Early this year, Wall flew from Washington, DC, where he lives, down to Florida to visit his mom, Lorraine Wall, who lives in The Villages, a sprawling retirement community. He’d been visiting regularly during the pandemic, making sure she was OK.
He’d planned to fly back after he was fully vaccinated. But while he was there, Biden signed an executive order to mandate masks for travelers. The CDC and the TSA followed with federal mandates. Airlines also put in place their own requirements.
Wall has generalized anxiety disorder, medical documents filed alongside his lawsuits say; he says it prevents him from wearing a mask. Wall, who has made it a goal to travel to every country and territory in the world — he’s also been to every state, state capitol building, and national park — said he was grounded without an exemption from the carriers.
In a series of phone conversations over the past few months, Wall told Insider about his battle against the government and airlines. He said he didn’t have much to do at The Villages, a retirement community with 130,000 residents, but he was busy working on his lawsuits anyway. “Yeah, still at Mom’s,” he would say each time we spoke. But he was always cheerful about it.
“He’s good company,” Lorraine Wall said in an interview. “And he does a certain amount of chores.”
Lucas Wall credits his mother with his longtime love of travel. She retired from an airline, and they’ve seen the world using her travel benefits. She said she was “100%” supportive of his effort to end federal mask mandates for travelers, in part because she doesn’t much like wearing masks either. (“They don’t stay on my ears — they just keep popping off,” she said.) Her son took over a wing of her house and immersed himself in legal studies. He’d pop in for dinner some nights when he wasn’t too busy.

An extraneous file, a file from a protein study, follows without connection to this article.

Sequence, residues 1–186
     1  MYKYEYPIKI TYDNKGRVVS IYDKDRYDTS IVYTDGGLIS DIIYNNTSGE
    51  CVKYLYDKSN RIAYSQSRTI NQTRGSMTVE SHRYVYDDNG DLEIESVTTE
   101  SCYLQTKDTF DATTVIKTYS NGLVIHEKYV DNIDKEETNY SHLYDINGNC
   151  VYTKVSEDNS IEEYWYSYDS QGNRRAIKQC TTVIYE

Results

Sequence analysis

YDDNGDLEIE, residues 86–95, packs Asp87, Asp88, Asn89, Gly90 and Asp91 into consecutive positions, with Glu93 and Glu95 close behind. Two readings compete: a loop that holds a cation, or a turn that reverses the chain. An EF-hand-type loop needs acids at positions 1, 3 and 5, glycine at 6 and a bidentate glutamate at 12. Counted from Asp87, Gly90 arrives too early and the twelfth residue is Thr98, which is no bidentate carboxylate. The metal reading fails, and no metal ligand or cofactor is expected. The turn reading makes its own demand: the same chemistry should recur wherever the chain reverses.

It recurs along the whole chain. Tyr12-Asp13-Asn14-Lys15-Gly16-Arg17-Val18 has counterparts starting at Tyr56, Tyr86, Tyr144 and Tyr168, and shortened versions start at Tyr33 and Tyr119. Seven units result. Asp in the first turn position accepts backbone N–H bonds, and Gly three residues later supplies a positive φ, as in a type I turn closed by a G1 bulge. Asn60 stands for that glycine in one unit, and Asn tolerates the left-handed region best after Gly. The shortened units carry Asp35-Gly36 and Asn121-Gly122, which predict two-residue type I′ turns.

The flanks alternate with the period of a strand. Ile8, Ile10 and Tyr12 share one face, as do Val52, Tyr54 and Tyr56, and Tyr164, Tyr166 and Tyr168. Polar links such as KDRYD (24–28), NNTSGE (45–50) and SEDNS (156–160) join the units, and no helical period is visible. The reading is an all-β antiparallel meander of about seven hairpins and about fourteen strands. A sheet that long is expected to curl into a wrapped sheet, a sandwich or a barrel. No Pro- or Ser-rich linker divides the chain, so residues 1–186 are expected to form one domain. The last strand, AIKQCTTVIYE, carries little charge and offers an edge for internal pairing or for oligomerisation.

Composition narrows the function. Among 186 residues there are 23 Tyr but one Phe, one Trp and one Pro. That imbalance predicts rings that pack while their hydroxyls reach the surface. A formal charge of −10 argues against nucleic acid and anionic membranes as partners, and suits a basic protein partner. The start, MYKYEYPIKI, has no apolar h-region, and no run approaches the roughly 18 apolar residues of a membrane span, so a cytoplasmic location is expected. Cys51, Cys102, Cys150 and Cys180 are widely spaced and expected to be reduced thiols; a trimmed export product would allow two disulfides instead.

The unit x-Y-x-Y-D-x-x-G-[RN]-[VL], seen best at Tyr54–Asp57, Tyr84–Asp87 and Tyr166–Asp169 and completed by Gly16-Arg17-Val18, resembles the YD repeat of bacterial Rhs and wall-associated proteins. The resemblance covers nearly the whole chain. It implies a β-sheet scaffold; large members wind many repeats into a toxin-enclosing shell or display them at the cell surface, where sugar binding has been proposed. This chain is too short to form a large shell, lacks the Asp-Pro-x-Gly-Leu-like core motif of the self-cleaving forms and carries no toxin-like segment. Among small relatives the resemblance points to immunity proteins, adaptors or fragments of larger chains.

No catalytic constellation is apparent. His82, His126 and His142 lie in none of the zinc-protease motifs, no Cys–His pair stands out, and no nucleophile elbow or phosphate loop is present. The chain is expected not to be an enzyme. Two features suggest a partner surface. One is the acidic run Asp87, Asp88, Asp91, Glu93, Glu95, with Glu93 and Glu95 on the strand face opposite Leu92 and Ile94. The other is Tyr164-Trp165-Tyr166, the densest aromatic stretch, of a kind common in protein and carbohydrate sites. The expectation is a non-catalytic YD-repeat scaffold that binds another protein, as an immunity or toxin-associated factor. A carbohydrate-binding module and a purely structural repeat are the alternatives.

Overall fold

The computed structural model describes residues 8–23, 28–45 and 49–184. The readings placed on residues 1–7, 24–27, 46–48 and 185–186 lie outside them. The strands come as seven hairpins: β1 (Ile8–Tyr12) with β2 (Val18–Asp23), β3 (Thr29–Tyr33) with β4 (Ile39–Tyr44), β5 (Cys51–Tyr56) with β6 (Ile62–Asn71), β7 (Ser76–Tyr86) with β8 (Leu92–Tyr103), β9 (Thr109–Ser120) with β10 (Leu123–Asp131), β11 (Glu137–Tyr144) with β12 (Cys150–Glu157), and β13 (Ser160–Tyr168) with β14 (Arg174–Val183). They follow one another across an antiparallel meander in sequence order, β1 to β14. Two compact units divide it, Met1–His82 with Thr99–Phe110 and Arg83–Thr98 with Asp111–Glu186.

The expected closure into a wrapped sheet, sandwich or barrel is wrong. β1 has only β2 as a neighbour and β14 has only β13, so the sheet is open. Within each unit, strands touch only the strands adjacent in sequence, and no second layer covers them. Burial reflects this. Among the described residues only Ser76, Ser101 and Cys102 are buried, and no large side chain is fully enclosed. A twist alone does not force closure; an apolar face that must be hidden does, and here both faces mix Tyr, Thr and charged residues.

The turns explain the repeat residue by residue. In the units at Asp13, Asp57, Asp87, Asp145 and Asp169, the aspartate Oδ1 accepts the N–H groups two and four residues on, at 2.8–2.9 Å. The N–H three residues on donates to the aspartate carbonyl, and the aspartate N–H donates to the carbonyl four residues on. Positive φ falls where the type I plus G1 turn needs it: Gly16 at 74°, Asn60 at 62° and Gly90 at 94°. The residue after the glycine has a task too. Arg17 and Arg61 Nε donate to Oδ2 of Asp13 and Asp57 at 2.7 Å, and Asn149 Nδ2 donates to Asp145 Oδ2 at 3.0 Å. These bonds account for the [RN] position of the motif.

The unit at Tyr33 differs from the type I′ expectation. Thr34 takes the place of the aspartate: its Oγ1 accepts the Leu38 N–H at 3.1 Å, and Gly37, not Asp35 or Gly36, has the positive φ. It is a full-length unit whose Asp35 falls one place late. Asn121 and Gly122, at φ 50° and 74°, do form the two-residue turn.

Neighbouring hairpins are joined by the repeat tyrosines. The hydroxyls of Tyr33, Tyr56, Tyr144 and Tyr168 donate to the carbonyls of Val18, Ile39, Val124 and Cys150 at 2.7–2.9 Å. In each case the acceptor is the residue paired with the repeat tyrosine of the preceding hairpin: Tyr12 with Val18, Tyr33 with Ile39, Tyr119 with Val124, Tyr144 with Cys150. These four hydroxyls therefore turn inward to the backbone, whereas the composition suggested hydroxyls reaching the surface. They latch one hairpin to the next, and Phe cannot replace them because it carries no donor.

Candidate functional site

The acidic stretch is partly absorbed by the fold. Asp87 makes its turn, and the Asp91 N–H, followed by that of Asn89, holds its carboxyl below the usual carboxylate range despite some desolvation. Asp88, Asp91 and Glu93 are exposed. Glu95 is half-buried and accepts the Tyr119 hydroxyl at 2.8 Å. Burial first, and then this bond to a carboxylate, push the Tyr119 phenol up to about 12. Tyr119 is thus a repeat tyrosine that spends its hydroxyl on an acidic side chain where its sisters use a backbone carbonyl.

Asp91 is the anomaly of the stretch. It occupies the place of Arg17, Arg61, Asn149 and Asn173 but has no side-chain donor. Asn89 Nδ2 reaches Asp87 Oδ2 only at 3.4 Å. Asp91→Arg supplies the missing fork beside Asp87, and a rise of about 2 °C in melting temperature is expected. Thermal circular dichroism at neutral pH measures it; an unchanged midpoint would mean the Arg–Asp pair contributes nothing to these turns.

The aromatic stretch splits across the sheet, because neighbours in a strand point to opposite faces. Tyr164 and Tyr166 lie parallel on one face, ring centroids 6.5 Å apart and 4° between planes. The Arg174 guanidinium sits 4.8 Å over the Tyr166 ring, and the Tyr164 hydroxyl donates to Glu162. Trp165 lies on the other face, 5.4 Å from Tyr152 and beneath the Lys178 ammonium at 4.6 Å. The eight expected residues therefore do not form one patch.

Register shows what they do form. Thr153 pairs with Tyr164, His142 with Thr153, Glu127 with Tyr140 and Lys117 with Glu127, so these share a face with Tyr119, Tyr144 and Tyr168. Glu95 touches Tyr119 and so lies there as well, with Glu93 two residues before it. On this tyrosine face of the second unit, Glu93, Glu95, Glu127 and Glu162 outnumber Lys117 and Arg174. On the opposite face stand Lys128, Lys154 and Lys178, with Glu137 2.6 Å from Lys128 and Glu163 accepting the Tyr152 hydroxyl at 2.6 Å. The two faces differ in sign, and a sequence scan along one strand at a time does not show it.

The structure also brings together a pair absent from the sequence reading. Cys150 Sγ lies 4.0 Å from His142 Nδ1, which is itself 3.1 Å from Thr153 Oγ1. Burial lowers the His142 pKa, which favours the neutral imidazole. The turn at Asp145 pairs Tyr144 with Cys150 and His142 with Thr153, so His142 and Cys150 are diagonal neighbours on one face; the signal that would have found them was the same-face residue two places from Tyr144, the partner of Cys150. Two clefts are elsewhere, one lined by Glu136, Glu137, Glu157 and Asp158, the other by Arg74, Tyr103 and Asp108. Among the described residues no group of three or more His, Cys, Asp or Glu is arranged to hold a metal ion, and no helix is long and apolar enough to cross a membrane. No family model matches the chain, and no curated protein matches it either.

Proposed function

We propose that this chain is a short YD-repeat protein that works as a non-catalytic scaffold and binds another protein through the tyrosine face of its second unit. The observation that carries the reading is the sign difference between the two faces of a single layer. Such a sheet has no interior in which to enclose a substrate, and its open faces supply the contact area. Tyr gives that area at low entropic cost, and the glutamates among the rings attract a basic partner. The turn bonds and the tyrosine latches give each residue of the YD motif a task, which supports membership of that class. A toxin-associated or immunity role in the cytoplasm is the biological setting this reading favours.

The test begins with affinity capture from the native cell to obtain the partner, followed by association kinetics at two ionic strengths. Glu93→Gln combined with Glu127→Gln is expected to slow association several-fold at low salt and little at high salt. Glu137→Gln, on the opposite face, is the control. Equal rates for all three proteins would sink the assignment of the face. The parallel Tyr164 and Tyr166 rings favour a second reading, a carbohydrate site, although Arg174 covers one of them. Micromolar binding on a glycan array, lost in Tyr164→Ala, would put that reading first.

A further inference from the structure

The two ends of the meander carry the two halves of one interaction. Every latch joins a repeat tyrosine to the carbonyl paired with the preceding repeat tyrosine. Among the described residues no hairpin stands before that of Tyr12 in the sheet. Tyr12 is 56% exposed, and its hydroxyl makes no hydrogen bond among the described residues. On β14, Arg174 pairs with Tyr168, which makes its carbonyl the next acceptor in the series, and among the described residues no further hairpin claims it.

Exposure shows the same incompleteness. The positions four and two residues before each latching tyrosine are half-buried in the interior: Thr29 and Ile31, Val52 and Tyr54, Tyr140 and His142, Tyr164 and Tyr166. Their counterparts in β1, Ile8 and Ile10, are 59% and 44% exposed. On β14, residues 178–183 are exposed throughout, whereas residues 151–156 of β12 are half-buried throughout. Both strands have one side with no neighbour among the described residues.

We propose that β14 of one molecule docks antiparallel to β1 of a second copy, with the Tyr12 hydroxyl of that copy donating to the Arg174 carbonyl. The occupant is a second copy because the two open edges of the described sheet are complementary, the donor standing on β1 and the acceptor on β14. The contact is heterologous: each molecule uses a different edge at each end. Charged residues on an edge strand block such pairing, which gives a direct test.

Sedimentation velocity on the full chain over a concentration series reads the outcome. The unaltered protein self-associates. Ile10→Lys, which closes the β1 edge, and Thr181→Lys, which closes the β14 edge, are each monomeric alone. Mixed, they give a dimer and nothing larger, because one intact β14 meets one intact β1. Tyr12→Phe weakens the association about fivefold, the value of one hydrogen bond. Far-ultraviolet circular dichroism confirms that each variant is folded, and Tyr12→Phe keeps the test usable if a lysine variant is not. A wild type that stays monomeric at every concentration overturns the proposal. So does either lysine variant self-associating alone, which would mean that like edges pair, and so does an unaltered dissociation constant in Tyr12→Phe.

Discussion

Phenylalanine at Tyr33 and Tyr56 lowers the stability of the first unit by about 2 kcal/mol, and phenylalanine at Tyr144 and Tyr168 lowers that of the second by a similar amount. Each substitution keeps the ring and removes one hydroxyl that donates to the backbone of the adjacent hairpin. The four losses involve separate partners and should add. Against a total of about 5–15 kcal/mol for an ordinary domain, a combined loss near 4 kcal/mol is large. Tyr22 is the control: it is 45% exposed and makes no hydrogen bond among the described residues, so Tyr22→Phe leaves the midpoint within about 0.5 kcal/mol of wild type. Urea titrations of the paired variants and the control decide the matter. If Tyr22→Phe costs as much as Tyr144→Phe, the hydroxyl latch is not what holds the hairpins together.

In June, Wall filed two lawsuits in US District Court in Orlando. One was against the government, naming among its defendants Biden and the CDC. The other was against seven US airlines: Southwest, Alaska, Allegiant, Delta, Frontier, JetBlue, and Spirit.
“He’s very persistent,” Wall’s mother said, “and he’s not going to stop until he wins.”
Those filings amounted to about 300 pages packed with dense legalese and citations of other cases and precedent. Growing up in northern Virginia in the ’80s and ’90s, Wall learned about the law from his father, William Wall, a former fighter pilot who became a lawyer. His father served as his attorney on his first case.
“When he was in high school, he had a lawsuit against the school board,” Wall’s mother said a few weeks ago. “I think he may have told you about that.”
In the mid-1990s, Wall sued his high-school principal and other officials after they wouldn’t hand over vote totals of a student election. It was his first big lawsuit against people in power. (He’d later spend three years in a legal battle with Virginia over whether he had to renew his driver’s license.)
He lost the suit against his principal. A local-news clip shot outside the Virginia courthouse showed Wall, in a suit and tie, surrounded by reporters, their microphones jammed in his face.
“One of the most important things I’ve learned in high school has been learning how to deal with defeat,” he told the crowd. He’d later appeal to the Virginia Supreme Court, which heard the case but upheld the lower court’s decision.